Dairy Farm Pollution Costs Lummi Nation

An aerial photo shows a manure lagoon at a dairy farm adjacent to the Nooksack River. Courtesy of Kim Koon.
An aerial photo shows a manure lagoon at a dairy farm adjacent to the Nooksack River. Courtesy of Kim Koon.

By Northwest Indian Fisheries Commission 


Whatcom County’s booming dairy and agricultural industry has cost Lummi Nation shellfish harvesters millions of dollars already, and a recent closure of shellfish beds in Portage Bay is adding to the tally.

Manure from dairy cows is discharged either directly or indirectly into the Nooksack River, which flows into Portage Bay. In September, the tribe closed 335 acres of Portage Bay shellfish beds to harvest because of high fecal coliform levels that exceeded National Shellfish Sanitation Program standards. Continued poor water quality led to the closure of two additional areas in December, bringing the total to nearly 500 acres of shellfish beds that are unsafe to harvest. More areas may have to be closed in the coming months if conditions are not improved.

Lummi shellfish harvesters lost an estimated $8 million in revenue from 1996 to 2006, when 180 acres of Portage Bay shellfish beds were closed for the same reason. The Lummi Nation is pressing state and federal agencies to do a better job of keeping dairy farm manure out of the Nooksack River.

“The tribe has been working since 2005 to avoid this very situation from occurring,” said Merle Jefferson, Lummi Natural Resources director. “We do not have jurisdiction to enforce county, state and federal laws in the watershed so we must rely on Whatcom County, the Washington Department of Ecology, the Washington Department of Agriculture and the EPA to act. The federal agencies have a trust responsibility to ensure that the Lummi people can exercise their treaty rights to harvest shellfish in our usual and accustomed areas.”

Whatcom County is home to about 46,500 adult dairy cows, which can each generate 120 pounds of manure per day. Dairies store the waste in unlined lagoons that can leak 900 gallons of manure into the ground every day, according to a recent ruling under the Resource Conservation and Recovery Act.

Concentrated Animal Feeding Operations (CAFOs) – defined as industrial-sized livestock operations that confine animals to barns or feed lots – are required by the federal Clean Water Act to have National Pollutant Discharge Elimination System (NPDES) permits that regulate how much waste they release into the water.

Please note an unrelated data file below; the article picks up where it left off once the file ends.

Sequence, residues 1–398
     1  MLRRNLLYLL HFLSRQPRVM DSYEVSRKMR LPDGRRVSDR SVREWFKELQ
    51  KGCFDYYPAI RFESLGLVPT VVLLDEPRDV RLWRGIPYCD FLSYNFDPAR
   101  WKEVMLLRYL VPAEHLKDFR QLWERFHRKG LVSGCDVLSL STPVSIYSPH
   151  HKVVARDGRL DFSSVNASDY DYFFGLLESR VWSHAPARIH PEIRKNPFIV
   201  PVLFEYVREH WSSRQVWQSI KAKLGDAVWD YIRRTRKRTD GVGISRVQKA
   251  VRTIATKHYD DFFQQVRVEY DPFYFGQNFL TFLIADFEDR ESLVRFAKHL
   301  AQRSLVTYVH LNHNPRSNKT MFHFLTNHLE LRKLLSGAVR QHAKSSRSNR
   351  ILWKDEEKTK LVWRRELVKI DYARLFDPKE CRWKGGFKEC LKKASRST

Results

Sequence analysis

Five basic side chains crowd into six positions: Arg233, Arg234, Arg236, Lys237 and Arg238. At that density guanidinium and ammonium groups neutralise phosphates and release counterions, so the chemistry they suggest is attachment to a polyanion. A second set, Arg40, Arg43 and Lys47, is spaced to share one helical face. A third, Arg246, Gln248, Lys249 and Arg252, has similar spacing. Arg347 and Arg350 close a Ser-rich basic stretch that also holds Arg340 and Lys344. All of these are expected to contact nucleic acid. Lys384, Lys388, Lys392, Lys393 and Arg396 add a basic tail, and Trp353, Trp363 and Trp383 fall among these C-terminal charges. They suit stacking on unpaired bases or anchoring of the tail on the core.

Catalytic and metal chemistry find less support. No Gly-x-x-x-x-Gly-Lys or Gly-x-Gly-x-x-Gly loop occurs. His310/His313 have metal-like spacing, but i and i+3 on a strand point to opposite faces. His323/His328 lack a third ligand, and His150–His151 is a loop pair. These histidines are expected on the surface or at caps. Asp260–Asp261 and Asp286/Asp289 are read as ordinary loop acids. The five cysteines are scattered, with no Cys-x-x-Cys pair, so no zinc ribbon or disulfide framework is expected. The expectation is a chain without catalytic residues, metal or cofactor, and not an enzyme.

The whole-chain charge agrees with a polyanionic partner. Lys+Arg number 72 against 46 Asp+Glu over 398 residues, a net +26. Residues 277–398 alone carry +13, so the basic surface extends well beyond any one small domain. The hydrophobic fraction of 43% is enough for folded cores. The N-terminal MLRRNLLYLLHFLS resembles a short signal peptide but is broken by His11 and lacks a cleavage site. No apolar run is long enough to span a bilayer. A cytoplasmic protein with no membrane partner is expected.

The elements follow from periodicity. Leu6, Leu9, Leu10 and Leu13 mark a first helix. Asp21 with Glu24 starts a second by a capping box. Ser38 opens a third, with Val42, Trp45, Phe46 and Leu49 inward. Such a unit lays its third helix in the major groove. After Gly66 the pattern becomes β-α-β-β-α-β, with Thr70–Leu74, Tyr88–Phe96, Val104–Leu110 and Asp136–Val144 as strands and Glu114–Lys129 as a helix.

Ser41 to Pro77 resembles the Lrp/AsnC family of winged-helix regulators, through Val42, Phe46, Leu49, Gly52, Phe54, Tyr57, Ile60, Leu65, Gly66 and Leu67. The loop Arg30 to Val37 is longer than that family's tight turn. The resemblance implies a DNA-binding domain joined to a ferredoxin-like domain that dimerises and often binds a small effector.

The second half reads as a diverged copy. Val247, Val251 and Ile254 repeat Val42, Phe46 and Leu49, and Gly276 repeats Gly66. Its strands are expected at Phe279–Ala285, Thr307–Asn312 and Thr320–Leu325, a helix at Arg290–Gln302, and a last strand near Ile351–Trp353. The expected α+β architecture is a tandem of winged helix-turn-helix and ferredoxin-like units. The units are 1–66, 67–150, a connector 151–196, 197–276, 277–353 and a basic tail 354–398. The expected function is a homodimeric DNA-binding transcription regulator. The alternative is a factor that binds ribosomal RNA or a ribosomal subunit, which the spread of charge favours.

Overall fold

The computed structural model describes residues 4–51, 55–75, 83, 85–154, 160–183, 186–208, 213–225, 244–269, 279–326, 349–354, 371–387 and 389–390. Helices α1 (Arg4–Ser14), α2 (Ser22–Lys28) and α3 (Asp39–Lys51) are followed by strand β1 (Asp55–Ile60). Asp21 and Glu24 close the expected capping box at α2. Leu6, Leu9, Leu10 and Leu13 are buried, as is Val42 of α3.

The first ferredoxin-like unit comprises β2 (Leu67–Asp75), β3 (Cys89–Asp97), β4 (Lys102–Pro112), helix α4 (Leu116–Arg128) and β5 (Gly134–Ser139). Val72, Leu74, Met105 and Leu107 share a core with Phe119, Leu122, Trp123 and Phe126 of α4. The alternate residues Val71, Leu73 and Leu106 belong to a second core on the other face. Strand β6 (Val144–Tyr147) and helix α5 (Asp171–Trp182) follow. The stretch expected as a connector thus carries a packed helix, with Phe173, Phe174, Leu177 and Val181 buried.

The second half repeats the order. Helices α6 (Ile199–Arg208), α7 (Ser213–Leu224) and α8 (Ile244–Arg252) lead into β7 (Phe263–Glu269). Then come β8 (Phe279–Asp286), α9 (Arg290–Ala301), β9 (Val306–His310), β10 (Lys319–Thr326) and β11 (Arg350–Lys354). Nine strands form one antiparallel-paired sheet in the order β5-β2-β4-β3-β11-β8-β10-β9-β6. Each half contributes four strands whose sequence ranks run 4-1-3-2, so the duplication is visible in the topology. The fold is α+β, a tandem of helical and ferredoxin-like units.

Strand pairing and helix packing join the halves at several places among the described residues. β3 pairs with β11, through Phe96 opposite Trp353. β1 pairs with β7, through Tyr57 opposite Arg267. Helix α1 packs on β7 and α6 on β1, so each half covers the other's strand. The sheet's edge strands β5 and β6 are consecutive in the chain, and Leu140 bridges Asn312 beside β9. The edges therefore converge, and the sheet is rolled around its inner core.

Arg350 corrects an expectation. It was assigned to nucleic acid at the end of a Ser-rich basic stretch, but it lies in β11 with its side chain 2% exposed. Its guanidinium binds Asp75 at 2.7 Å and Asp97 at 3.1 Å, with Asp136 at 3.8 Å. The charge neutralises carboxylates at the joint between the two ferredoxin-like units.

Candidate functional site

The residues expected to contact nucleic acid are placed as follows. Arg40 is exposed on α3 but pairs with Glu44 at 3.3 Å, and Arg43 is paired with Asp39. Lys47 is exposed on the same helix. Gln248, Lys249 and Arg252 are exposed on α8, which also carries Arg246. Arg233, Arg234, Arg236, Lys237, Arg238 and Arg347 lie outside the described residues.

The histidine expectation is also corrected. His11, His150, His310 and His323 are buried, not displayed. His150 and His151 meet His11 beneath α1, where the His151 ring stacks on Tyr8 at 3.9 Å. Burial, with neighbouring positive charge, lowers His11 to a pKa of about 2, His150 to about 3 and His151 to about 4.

However, none of the dairy farms in Whatcom County have an NPDES permit.

Smaller farms don’t meet the definition of a CAFO unless they have a documented discharge. Most claim not to spill manure into the water supply, said Andrea Rodgers Harris, a lawyer with the Western Environmental Law Center. Nevertheless, manure is being discharged into the Nooksack River and the groundwater. The Sumas-Blaine aquifer in Whatcom County is the most contaminated aquifer in the state.

“Ecology has concluded that the high nitrate pollution in the aquifer is largely due to manure pollution from dairy farms,” Harris said.

The federal Environmental Protection Agency (EPA) is working with the state Department of Ecology, which administers the permits, to enforce the Clean Water Act to “the fullest extent possible using available resources,” said Dennis McLerran, EPA Region 10 administrator, in a Dec. 9 letter to the Lummi Nation.

McLerran said that a farm that contributes significantly to pollution, even if it does not meet the definition of a “Concentrated Animal Feeding Operation,” can be required to get an NPDES permit. Animal feeding operations that are not significant polluters are covered under Clean Water Act provisions relating to nonpoint sources.

“We will continue to work with Ecology to take appropriate enforcement actions to bring such facilities into compliance with the NPDES general permit,” McLerran added.

The state is considering legislation, drafted at the direction of Gov. Inslee, to require all applicators of manure to be certified and licensed by the state

Another concern is pollution from Canadian dairy farms in British Columbia. A Vancouver Sun investigation learned that extremely high levels of fecal coliform bacteria are traveling across the border into Whatcom County via streams from the Fraser Valley.